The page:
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Five leadership qualities your staff are looking for

Leaders and managers have come under sustained criticism recently, as reports amass showing that they are too focused on technical skills, under-educated in management theory and practice (compared to their counterparts around the world) and poor communicators.

Great!

At LeadingCompany, we strive to provide a practical approach to the challenges of management and so were delighted to see a recent survey of 3800 leaders, managers and employees revealing exactly what it is that staff want to hear from their leaders and how they want to have these messages communicated.

The survey is conducted by the training organisation, Leadership Management Australasia. It's a "rolling survey" and results in a report three times a year.

The survey participants include 261 senior managers or business leaders, 443 middle managers or supervisors, and 3,127 non-managerial employees (more demographic details below).

Here's are five things that your employees want to hear you say (and the full list of characteristics of a good manager):

1. Tell me clearly where our company is going, our goals and vision.

The survey notes that employees were feeling more optimistic about growth six months ago, but redundancies, falling production schedules and reduced overtime have changed their view.

LMA chairman, Grant Sexton, says: "Employees today are like customers have always been: they only go where they want to go, and they stay where they are appreciated. If we are not creating the right environment at work, they will slack off or go somewhere else."

There is a potential for leaders and managers to create a sense of unity and common purpose, the report found, by garnering employee support for the recovery plan.

Leaders need to communicate regularly about the organisation's future in a reassuring way. "What the manager needs to communicate is, hey, you are doing a great job and your job is secure, we have a great future in mind for you."

If the uncertainty makes that difficult, leaders can provide clear future points when more details will be shared. "Employees will value the honesty that comes with knowing as much as they can about their future – they are after all people first, employees second," the report says.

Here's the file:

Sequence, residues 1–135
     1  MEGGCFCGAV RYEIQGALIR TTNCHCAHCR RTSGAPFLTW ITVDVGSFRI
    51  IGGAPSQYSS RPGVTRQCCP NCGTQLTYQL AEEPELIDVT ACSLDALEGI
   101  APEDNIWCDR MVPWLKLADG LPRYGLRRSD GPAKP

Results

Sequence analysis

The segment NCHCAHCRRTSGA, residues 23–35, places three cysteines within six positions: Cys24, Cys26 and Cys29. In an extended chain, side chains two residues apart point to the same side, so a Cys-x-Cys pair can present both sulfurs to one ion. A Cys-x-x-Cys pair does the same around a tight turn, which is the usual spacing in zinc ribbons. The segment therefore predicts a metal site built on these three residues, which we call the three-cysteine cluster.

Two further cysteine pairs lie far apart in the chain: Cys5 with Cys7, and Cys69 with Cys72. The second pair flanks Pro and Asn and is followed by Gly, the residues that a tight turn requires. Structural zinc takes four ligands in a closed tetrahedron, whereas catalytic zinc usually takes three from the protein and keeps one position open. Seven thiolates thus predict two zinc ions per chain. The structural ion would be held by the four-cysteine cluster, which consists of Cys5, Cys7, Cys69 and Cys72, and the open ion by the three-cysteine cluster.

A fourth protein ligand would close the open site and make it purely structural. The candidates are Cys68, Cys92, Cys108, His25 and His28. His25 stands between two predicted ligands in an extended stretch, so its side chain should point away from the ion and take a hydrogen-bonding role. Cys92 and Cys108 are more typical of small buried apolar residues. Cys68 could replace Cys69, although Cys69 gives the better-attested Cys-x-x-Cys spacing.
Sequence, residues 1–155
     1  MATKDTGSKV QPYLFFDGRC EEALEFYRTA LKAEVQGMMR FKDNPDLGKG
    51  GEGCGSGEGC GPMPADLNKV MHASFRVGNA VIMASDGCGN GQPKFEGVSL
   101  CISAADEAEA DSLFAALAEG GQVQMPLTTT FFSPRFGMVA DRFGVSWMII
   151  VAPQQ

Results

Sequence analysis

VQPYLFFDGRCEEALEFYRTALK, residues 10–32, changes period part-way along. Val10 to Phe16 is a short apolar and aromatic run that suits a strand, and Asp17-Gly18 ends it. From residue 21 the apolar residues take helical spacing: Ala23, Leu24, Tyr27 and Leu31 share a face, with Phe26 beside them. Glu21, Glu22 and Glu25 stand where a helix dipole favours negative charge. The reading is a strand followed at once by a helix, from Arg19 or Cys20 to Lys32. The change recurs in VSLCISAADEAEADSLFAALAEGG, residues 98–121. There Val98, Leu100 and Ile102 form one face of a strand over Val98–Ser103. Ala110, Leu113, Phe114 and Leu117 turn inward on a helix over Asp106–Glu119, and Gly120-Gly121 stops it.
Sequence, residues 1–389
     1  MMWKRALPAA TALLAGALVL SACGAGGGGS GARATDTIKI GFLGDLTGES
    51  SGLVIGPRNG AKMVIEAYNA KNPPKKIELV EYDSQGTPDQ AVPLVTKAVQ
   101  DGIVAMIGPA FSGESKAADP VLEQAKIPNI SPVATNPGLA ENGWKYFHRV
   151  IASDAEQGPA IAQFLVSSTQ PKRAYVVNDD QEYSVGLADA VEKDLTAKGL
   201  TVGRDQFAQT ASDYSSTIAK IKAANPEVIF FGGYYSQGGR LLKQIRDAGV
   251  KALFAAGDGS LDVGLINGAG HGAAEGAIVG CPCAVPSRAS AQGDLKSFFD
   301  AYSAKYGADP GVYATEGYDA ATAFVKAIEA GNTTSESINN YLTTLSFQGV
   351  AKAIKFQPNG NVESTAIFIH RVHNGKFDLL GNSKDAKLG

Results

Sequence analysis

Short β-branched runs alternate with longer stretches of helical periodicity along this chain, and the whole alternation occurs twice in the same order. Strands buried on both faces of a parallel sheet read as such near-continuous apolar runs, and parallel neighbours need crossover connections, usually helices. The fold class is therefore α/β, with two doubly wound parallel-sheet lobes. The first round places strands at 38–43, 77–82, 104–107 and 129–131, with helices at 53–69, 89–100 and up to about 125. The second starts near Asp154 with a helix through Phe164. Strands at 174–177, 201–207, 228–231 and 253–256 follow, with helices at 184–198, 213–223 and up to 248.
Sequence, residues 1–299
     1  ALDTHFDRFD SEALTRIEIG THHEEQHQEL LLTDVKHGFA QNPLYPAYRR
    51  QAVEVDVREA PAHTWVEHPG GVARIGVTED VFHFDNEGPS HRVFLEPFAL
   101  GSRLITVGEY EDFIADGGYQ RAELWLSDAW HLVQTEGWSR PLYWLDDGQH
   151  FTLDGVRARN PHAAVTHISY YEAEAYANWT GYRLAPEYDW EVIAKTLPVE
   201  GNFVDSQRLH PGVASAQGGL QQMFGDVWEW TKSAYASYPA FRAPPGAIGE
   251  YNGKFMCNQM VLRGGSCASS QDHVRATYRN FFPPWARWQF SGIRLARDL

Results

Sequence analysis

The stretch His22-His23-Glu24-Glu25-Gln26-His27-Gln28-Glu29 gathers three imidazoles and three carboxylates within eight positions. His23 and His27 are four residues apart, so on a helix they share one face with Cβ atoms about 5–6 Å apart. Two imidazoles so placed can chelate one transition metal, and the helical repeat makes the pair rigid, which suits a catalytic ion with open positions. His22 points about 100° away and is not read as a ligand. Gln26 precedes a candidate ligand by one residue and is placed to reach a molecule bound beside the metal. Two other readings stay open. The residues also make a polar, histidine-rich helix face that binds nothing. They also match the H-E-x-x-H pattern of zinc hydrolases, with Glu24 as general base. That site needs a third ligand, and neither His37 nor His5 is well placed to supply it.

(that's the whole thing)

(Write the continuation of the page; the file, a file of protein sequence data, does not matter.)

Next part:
Sexton says explain the problems, and the short-term and long-term response and then ask, "What part do you want to play and how can we support you?"

2. Give me honest feedback on how I am performing

Failing to pick up on poor performance is one of the big criticisms of Australian managers.

Sexton says this is because it conveys a message to the underperforming employee that they are not important. "Think back to kids," he says. "When kids are naughty and their parents don't respond, they think they are not loved. Feedback makes people feel appreciated.

"Staff want to know, did I do that well or what do I need to fix, but are unlikely to ask."

Leaders must take the lead. "If someone does a bad job, you need to say, 'Look, Bill, I am not happy with that, so let's talk it through and let's see what we need to change to do it better next time'," says Sexton.

3. Listen to me, and show that you respect my input into decisions

Input is both a formal and informal process, says Sexton. "Real ideas about improving processes or reducing waste can only come from the people on the front line, doing it," he says. The process of coming up with innovations is ongoing.

"If the ideas are adopted, then there is pat on the back," he says. "If not, you say, 'Charlie thanks for that, we are not in a position to adopt that idea now, but we really appreciate your input.' Otherwise, the ideas just dry up."

If the company needs to make a major change, the whole team should be approached for input. Leaders need to explain that they want to make a change, and why, and then open up as to how best we can achieve these outcomes.

"If they are participating, they are part of the solution and we are all in this together. If you say, we made a decision and you will comply, it creates a situation of adversity and conflict."

During the GFC, many companies found that staff preferred to drop hours across the board than see some people lose their jobs entirely.

Leaders can offer alternatives that enable the workforce to decide their future, consider new models of work, new approaches to common or familiar issues and invite the thoughts and inputs of all to build a future that helps everyone, the report suggests.

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